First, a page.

Categorized | National News

Panama Grants Cubans Asylum- Gov’t Condemns Cuban Foray As Malicious

Nearly 20 Cubans detained in The Bahamas will be granted territorial asylum in Panama.

According to online news site, the Global Post, the Panamanian government made its decision for humanitarian reasons.

“Panama received the request of 19 Cuban citizens to be covered by the asylum statute, a condition that will be authorized for them as per the decision of the President of the Republic, Ricardo Martinelli Berrocal, once they enter Panamanian territory,” Panama’s Foreign Ministry said in a statement.

The group could reportedly arrive in Panama some time this week.

“This is an expedited procedure, based on the Caracas Convention of 1954 whereby territorial asylum is granted to citizens who are suffering political persecution or whose personal safety is endangered,” the Foreign Ministry explained.

According to the Global Post, in granting the asylum request, the Panamanian government considered “the complaints of international human rights organizations, which have warned about the treatment received by Cuban citizens detained in the … Bahamas.”

Foreign Affairs and Immigration Minister, Fred Mitchell declined to comment on the issue.

For weeks, Cuban Americans have decried the alleged mistreatment of Cuban detainees in The Bahamas.

They recently upped the ante on their protests in Miami, Florida.

The group used a 40ft trailer to emblazon the words, “Prime Minister of The Bahamas, Please Stop Covering Up Torture of Undocumented Migrants.”

Firing back, the government on Friday issued a terse statement on the issue.

“The government of The Bahamas roundly condemns this latest foray by the Miami protestors as libelous and defamatory,” the statement read.

“It not only injures the reputation of our country but is a baseless, malicious and personal attack on the character of the prime minister. It is clear that these are desperate individuals with no sense of discretion, balance or regard for the truth. We denounce this latest slander.”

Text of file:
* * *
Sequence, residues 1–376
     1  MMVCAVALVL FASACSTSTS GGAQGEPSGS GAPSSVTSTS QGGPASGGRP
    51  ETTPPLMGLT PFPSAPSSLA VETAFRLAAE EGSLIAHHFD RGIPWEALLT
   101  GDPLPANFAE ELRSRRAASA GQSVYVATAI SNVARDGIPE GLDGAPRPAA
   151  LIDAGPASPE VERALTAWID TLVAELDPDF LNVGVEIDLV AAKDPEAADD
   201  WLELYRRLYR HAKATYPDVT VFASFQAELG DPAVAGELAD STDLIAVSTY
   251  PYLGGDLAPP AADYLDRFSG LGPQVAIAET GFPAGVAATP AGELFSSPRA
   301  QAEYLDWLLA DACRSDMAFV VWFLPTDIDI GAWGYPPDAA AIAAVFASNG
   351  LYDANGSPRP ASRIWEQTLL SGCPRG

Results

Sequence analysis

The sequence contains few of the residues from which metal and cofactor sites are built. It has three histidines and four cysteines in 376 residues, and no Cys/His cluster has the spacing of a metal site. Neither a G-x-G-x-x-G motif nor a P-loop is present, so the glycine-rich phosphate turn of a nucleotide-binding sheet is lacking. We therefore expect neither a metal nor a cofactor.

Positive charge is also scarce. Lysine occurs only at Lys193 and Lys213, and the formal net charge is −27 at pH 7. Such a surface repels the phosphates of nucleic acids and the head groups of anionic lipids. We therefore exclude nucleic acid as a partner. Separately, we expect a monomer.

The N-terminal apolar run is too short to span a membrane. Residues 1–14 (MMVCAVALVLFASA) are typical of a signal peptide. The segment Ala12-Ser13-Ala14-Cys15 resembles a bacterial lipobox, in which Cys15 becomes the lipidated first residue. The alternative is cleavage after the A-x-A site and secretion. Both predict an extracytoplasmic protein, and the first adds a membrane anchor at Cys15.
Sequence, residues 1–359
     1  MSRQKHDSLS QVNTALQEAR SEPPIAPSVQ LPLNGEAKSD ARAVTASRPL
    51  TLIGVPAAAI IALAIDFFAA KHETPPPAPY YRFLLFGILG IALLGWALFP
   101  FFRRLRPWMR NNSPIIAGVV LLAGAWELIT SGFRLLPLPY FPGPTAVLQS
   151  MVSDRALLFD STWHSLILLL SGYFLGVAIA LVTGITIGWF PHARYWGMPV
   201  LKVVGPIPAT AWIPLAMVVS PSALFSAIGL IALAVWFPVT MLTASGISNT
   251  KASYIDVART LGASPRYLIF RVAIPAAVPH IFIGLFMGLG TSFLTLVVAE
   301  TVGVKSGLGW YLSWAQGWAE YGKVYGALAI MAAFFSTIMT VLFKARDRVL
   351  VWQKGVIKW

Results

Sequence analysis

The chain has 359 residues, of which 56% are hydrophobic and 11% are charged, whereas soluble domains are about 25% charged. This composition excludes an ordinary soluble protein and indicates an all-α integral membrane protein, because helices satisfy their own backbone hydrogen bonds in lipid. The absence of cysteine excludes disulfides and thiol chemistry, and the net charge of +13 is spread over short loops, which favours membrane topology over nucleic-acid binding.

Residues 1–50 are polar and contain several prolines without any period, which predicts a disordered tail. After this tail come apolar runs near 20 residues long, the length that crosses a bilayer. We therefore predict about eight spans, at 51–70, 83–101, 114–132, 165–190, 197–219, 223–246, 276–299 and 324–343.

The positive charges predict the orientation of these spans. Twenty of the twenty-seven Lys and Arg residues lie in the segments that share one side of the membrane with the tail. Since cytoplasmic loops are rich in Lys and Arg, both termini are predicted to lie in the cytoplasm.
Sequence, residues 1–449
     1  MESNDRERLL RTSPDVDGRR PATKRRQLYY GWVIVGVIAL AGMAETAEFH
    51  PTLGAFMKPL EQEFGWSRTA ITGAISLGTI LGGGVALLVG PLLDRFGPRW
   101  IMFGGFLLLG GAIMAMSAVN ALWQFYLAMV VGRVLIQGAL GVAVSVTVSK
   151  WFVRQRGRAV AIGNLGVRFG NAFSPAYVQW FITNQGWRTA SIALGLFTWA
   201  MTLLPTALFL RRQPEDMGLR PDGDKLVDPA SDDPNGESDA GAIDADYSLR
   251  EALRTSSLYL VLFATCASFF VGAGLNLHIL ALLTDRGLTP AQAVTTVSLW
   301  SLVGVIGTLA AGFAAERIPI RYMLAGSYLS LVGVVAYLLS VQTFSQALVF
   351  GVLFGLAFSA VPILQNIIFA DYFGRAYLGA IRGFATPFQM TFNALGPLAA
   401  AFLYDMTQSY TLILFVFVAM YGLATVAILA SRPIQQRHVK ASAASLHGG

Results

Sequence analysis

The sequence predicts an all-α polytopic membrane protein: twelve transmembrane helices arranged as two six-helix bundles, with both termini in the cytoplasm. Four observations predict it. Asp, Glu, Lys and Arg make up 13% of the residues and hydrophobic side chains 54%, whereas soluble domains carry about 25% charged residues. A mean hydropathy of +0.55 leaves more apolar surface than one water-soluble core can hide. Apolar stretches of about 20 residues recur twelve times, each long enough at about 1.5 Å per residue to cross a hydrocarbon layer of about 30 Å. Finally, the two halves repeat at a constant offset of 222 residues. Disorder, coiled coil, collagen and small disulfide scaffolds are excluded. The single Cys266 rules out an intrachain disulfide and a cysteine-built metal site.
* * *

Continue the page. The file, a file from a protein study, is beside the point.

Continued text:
This is the not the first time the government has responded to such allegations.

In recent weeks, it has repeatedly stressed that it does not condone, incite or support the cruel and inhumane treatment of any detainee in any facility in The Bahamas and that such treatment is not tolerated of any of its agencies.

According to officials, the Cubans detained at Her Majesty’s Prisons (HMP) are only there temporarily because they were engaged in disorderly and violent behavior at the Carmichael Road Detention Centre and that their removal from the facility was necessary both for their protection and the protection and safety of others at the centre.

Meantime, officials are hoping that preliminary investigations into the allegations made by both the protestors and the detainees be augmented by a formal investigation.

The investigation would be headed by a former justice of the Court of Appeal and a religious leader.

“We expect that this review will commence shortly and that a report will be made to us as soon as possible. We will review the report and act accordingly, and take any punitive or disciplinary action as deemed necessary,” the statement said.

The government has also agreed to a senior US official visiting the detention centre.

Simon Henshaw is the principal deputy assistant secretary of State for Population, Refugees and Migration.

Written by Jones Bahamas

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